Breed HistoryThe etymology of the name Corso is still uncertain. The most credible hypothesis are those which indicate Greek origins: KORTOS = wall and from the Latin: COHORS = guard of the courtyard. Until recently the oldest documentation citing the name of the Cane Corso, consisted of a few poems and some prose dating from 1500
The Cane Corso Mastiff is an ancient Italian versatile farm and hunting dog. Dogs which resemble the Cane Corso in murals, painting, and ancient manuscripts referred to as the Cane Corso since Roman times. For centuries Corsos were all around farm dogs and large game hunters. The average farmer needed the Corso to herd semi wild cattle, pigs, and goats for them. They were also used to provide protection over the livestock and property from poachers or predators. Corso’s were also prized scent hunters and course down large game. Until 1988 the Cane Corso was still used only for isolated farmers various use. Many historians and breed fanciers believe the ancient dogs depicted in the ancient murals and manuscripts from centuries ago still remain a pure unspoiled breed maintained on isolated Italian farms. The Cane Corso Mastiff is strongly devoted to its family and they are usually Velcro type of dogs. They want to be close to their owners and will often follow them around the house or yard. They will give themselves completely to their owners but will typically remain aloof and suspicious of strangers. The Cane Corsos are still a more primitive working protection type of breed. This makes them very intuitive to even the most minor changes in their environment. A Cane Corso may bark & react cautiously at furniture moved out of place or new foreign object placed in the room.
Cane Corsos require extensive socialization. Most Cane Corsos if not socialized properly can become nervous, fearful, overly cautious, or show aggressive behaviors in new surroundings or with strangers. An under socialized Cane Corso can be converted into a socially acceptable dog within a fairly short amount of time by dedicated caring owners. In the beginning of Cane Corso ownership, it is common for your Cane Corso to have separation anxiety because they grow such a serious and rapid attachment to their new parents. The Cane Corso’s aloof and suspicious personality with strangers and different places can be greatly reduced or eliminated by proper and regular positive socialization. Cane Corsos are intelligent, willing to please, and easy to obedience train as well as to housebreak. Many Cane Corsos still retain many of their ancient working drives and enjoy competing in obedience, agility, tracking, herding, etc.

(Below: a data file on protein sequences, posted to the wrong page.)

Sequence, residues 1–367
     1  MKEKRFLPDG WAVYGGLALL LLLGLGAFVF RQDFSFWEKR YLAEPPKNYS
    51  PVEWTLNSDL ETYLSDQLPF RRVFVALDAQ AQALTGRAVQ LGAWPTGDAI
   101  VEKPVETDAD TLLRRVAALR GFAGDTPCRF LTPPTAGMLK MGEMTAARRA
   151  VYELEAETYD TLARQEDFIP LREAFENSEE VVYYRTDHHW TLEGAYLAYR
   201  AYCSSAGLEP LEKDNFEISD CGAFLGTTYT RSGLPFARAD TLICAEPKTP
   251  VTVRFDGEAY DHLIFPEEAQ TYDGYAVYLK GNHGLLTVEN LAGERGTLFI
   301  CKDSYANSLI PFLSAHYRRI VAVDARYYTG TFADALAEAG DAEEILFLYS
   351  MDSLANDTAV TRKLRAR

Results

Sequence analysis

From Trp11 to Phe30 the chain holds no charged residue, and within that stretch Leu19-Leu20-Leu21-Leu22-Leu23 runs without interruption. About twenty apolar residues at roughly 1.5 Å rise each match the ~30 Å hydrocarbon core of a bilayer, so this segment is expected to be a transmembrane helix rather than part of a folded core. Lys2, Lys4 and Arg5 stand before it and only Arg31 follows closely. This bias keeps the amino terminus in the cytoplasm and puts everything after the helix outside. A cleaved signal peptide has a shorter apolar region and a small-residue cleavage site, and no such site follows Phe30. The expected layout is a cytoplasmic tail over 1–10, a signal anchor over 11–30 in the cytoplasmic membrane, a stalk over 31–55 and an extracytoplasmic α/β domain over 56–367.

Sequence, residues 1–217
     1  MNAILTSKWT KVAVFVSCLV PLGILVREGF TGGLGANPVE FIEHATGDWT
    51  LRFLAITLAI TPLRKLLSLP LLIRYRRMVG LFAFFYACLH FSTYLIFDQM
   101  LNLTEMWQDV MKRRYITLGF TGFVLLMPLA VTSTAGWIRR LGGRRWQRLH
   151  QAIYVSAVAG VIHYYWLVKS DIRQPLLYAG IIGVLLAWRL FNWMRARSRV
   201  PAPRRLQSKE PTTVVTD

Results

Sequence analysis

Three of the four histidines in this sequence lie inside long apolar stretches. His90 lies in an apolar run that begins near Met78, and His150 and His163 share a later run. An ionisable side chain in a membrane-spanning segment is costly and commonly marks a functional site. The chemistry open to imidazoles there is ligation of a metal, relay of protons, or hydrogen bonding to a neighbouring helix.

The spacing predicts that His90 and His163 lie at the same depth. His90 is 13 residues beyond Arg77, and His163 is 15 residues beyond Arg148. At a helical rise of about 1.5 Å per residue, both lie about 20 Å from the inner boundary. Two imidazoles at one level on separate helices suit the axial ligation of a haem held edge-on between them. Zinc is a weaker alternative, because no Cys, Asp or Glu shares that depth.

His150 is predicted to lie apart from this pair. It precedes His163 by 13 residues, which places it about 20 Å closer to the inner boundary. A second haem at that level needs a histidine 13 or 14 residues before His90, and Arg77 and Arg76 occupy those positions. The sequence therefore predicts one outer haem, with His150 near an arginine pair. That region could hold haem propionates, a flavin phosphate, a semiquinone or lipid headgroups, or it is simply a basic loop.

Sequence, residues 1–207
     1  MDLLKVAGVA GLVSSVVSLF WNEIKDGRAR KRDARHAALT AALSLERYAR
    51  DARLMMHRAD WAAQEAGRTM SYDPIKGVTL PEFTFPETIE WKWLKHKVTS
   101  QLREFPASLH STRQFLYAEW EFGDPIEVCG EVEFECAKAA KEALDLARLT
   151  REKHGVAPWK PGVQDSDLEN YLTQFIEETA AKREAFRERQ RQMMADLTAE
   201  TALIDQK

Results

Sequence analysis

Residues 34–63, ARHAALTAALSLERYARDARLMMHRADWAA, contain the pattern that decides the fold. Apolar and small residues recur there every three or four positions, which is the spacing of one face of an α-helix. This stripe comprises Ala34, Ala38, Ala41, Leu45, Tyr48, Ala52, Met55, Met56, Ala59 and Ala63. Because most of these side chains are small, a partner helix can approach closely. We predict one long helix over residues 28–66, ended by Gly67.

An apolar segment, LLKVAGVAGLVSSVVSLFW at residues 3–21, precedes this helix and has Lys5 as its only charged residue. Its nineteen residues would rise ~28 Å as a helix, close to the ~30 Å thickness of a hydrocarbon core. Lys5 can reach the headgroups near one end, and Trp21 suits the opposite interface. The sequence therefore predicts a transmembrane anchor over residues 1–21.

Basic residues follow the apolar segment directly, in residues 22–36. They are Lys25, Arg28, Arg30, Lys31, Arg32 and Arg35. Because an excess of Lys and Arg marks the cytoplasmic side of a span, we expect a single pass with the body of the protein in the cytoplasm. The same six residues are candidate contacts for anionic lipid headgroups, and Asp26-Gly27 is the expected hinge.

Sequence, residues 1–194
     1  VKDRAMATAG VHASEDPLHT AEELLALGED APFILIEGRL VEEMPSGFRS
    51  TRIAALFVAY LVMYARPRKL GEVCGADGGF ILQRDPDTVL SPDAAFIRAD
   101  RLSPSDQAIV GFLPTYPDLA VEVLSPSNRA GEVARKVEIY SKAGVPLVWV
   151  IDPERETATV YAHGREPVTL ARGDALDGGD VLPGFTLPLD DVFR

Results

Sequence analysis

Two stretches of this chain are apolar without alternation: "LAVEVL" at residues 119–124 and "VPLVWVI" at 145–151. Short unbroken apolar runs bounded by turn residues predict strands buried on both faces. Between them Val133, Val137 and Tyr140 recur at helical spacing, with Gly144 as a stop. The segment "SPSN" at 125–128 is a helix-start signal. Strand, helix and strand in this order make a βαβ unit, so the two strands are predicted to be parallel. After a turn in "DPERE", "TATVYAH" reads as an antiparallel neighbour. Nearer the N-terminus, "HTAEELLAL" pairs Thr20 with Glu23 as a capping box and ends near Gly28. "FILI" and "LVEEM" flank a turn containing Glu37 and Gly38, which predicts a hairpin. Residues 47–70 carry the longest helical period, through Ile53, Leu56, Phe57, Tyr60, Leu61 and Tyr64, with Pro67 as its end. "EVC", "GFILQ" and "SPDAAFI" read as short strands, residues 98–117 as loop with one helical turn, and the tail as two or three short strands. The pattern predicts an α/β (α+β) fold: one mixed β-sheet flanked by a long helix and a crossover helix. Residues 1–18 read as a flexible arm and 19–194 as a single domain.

The Cane Corsos are a naturally protective breed with their families and property but are considered to be a quiet breed. They remain alert but not prone to barking for unjust causes. The Cane Corso can be a dominant type of dog, especially with intact male Cane Corsos. Some lines of Cane Corso have more dominant personalities than others and such lines should be owned only by experienced dog owners. This is why if you choose to buy from a breeder, it is imperative to research the breeders and make sure they are breeding dogs with even temperaments. Many Cane Corsos in other healthy, stronger lines are sweet and confident, thus displaying a healthy temperament rather than excessive dominance. Majority of Cane Corsos are affectionate and gentle with the family. Most Cane Corsos are very fond of children. They are tolerant and gentle with children in the family. Majority of Cane Corsos who are in healthy homes are loved by families with children. Cane Corsos are naturally more protective of women and children.